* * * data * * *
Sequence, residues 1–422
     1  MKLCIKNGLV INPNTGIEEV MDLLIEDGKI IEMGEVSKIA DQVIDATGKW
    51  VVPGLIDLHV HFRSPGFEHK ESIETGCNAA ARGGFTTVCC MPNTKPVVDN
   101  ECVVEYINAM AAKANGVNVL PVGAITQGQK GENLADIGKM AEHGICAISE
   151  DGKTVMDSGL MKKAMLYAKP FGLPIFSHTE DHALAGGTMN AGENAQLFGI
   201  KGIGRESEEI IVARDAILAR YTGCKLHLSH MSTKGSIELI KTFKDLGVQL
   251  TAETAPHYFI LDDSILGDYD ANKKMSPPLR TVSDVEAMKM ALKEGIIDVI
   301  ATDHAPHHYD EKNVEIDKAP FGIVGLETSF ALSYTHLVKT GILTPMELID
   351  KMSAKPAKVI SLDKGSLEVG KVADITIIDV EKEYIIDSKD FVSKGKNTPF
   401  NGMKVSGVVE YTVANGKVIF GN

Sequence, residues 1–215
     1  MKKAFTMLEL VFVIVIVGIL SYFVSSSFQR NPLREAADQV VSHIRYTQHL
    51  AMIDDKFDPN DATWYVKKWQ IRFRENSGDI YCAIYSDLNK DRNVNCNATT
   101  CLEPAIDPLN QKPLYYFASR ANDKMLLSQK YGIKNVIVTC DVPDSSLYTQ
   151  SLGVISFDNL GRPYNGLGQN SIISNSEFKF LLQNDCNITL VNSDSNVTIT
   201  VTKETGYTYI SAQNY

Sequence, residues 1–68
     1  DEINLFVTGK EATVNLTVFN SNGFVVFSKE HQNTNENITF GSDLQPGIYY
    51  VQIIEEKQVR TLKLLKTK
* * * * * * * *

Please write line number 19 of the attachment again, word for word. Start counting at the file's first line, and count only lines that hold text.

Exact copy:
    51  VQIIEEKQVR TLKLLKTK